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Mental health nursing, also known as psychiatric nursing, is a branch of nursing practice which focuses on the care of people with mental illness, psychological disorders, and emotional distress. Nurses in this field receive nursing training which is supplemented by training in psychology and the administration of psychiatric care. Employment in this field is varied, with mental health nurses working in hospitals, residential treatment facilities, schools, and clinics at varying rates of pay.
The history of mental health nursing began in the 1800s, when compassionate individuals began to suggest that residential facilities for the mentally ill should include nursing services. The level of training for early psychiatric nurses was quite varied, and many practices in residential facilities were brutal when compared to modern approaches to psychological distress. As understanding of mental health and appropriate treatment evolved in the 20th century, mental health nurses were often at the forefront of developing more compassionate, productive, and holistic treatment approaches to psychological disorders.
A career in mental health nursing usually starts with nursing school. After receiving a nursing degree, the student takes additional courses in psychiatric nursing, and interns in facilities which provide psychiatric care. Most psychiatric nurses pursue board certification with a professional organization so that they are more employable, and to establish a network of contacts. Board certification can also provide access to continuing education courses and advanced certifications in specific areas of mental health nursing, such as nursing for children and the elderly.
Mental health nurses know how to identify and treat a variety of mental illnesses. They are also involved in the early identification and prevention of psychiatric conditions. As part of a patient care team, a mental health nurse helps to development a treatment plan, monitors the progress of the patient, and establishes a relationship with the patient which is conducive to therapeutic treatment. Being able to build strong, trusting relationships with patients is a critical aspect of mental health nursing.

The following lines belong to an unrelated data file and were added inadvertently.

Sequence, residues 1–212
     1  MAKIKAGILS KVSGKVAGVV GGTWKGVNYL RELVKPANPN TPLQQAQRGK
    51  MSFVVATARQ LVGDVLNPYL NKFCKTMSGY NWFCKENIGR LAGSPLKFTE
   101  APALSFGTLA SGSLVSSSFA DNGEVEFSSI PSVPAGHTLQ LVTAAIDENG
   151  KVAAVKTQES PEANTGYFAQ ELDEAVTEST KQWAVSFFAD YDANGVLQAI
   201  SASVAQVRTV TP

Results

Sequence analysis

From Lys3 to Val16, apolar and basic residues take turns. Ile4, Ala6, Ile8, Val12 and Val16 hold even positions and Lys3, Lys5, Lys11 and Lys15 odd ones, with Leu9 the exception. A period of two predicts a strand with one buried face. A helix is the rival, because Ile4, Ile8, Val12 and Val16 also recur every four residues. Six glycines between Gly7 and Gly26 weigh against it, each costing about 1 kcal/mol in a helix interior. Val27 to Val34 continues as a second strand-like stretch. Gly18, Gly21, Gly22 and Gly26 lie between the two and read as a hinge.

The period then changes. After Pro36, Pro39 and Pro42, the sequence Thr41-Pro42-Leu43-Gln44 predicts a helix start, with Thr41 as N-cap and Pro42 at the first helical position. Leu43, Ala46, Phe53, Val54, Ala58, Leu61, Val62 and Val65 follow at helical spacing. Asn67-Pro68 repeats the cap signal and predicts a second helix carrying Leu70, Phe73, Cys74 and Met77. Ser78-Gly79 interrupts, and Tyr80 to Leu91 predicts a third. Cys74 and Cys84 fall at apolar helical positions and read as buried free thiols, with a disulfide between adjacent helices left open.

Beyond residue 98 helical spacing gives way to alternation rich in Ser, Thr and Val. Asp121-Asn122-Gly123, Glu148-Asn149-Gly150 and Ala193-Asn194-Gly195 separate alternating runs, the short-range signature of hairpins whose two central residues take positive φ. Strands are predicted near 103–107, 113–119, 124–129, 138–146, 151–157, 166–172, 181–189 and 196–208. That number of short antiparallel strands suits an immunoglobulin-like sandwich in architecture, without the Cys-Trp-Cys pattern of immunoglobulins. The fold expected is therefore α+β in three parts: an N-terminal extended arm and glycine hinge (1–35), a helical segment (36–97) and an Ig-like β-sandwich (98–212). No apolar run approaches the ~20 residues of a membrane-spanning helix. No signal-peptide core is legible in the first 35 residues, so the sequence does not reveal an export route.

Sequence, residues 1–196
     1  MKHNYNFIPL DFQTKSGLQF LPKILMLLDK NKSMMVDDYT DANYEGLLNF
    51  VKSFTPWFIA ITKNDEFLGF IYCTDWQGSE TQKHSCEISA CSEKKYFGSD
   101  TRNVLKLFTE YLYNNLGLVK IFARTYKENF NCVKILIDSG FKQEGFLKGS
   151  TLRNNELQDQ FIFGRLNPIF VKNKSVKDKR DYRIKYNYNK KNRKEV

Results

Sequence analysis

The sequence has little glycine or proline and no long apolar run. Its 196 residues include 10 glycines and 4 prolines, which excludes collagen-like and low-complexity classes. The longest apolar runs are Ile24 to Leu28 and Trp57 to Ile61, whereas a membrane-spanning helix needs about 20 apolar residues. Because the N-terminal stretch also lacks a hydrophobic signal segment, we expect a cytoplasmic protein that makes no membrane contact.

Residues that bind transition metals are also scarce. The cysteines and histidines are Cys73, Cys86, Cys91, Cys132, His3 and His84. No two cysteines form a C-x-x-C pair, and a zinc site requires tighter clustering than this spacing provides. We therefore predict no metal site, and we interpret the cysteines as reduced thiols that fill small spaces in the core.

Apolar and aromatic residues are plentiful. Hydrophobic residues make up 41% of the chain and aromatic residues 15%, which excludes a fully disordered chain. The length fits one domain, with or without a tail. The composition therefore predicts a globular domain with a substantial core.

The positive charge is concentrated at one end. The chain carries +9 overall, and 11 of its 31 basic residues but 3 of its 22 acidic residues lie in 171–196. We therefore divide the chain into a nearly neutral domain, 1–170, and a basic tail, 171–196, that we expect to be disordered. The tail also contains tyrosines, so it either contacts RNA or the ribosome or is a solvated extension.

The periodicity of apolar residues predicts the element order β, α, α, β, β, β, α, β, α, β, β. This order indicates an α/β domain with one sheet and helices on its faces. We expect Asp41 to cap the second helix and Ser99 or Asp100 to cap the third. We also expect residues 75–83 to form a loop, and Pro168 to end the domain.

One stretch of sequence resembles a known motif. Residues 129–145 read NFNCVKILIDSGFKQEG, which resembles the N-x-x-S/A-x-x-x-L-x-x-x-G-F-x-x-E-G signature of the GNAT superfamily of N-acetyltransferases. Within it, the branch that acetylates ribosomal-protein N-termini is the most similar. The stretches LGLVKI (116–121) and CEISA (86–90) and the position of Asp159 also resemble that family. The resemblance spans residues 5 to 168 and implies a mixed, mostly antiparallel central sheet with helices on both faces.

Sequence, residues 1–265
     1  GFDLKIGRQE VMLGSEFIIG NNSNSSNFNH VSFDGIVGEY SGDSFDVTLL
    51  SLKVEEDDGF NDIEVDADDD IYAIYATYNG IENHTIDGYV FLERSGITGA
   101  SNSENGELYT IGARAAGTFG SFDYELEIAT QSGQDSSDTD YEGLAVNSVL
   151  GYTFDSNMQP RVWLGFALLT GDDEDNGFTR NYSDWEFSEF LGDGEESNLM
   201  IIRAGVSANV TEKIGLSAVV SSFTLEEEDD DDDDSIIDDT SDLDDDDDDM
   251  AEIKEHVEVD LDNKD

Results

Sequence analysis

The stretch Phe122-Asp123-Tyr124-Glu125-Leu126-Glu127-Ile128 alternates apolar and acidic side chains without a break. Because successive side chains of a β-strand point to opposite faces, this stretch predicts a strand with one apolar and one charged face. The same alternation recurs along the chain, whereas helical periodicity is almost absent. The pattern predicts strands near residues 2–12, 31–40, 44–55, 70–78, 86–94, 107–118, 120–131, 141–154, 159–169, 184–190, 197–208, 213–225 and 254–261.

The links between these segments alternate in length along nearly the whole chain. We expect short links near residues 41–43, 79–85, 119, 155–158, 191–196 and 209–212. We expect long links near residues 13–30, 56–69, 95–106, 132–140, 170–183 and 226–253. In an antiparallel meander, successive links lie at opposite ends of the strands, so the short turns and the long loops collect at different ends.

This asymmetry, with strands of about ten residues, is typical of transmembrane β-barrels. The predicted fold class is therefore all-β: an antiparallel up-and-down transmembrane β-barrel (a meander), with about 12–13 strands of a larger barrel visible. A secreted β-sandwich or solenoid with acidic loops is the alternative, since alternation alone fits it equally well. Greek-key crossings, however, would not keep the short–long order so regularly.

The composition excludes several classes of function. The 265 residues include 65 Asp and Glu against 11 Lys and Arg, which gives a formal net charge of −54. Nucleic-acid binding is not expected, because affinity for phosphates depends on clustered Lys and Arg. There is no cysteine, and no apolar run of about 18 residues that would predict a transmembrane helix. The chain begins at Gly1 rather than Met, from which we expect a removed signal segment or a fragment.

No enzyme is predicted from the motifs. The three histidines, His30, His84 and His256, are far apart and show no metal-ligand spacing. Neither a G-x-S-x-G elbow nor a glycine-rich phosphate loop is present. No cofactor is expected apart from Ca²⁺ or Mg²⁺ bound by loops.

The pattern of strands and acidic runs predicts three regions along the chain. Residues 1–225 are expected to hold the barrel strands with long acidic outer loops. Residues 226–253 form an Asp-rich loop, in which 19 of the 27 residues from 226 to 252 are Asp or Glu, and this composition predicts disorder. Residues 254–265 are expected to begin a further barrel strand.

In addition to providing psychological care, a mental health nurse may also help a patient with routine needs, ranging from injury assessments to assistance with completing various tasks. Practitioners in this field work to maintain a high quality of life for their patients, recognizing that physical, emotional, and spiritual health are all important in medical care.
Working in mental health nursing can be very stressful and sometimes frustrating. This work can also be very rewarding, especially in cases where patients make dramatic progress. Patience, compassion, and a genuine interest in psychology are all useful traits to bring to psychiatric nursing.
@rjh - I'm not a mental health nurse myself, but my roommate is. I can tell you from experience that yes, it does look to be extremely stressful but I know she wouldn't change it for anything in the world. I guess there's upsides and downsides to any job, but I'd imagine it's one of the most emotionally fulfilling jobs there are. I think that's what would allow you to handle the stress: the joy of knowing you're able to help people in their time of need.
That being said, I think it takes a special kind of person to be a nurse.
I'm considering undergoing mental health nursing training but I'm unsure if it's the right career for me. I keep thinking that it could be more stressful than I'm able to handle. Does anyone have any advice?
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